Top Iowa Republicans distanced themselves from comments President Donald Trump reportedly made Thursday about Haiti, El Salvador and African nations.
Iowa Gov. Kim Reynolds, along with Sens. Chuck Grassley and Joni Ernst, said Friday they didn’t have firsthand knowledge of the quotes, but added they were not in agreement with the comments reported.
“I don’t think it’s acceptable. That’s not who we are Iowans,” Reynolds said in an interview in Davenport, where she was promoting her Condition of the State address.
In Council Bluffs, at a stop at Rasmussen Mechanical Services, Grassley was asked about the comment during a question-and-answer session with employees.
“Well, I wasn’t there, so I know what you folks and journalists have said about it and TV has said about it,” Grassley said.
“But I think I better just say that those aren’t words that I would use, and I think that you ought to consider all of humanity (as) humanity and treat them accordingly,” Grassley said, according to a recording provided by his office.
Grassley added the comments distract from Congress coming to an agreement on a range of immigration-related issues.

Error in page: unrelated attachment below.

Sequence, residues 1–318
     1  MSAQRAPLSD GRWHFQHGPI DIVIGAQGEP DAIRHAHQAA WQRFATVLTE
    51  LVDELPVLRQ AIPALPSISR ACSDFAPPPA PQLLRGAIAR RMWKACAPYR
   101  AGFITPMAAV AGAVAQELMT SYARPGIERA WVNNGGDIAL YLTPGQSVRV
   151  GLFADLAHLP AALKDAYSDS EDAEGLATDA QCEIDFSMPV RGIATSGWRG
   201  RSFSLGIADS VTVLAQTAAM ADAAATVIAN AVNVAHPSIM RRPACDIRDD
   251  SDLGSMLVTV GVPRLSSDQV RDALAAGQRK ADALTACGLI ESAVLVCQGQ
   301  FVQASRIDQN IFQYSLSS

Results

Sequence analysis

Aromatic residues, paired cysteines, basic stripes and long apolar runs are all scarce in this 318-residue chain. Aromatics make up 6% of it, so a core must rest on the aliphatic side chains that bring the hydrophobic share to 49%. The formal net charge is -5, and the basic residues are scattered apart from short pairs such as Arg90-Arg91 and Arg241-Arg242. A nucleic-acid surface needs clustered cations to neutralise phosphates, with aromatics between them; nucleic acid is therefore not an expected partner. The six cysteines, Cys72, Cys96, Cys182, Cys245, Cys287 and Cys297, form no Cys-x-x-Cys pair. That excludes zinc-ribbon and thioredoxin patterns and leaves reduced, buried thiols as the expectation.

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Leigh Claffey, a spokesperson for Ernst, said in an email that Ernst “was not in the room and cannot confirm what was said; however, she would not agree. Sen. Ernst has made clear that America has been, and always will be, a nation of immigrants.”
U.S. Steve King of Iowa, known for his conservative views on immigration, tweeted Friday morning:
“Hang in there Mr. President @realDonaldTrump. If those countries aren’t as you described, Democrats should be happy to deport criminal aliens back to them. &End #AnchorBabies, too.”
The last part of King’s tweet refers to children born in the United States to undocumented immigrants and who are, by birthright, U.S. citizens — “anchor babies” — a situation immigration foes want changed.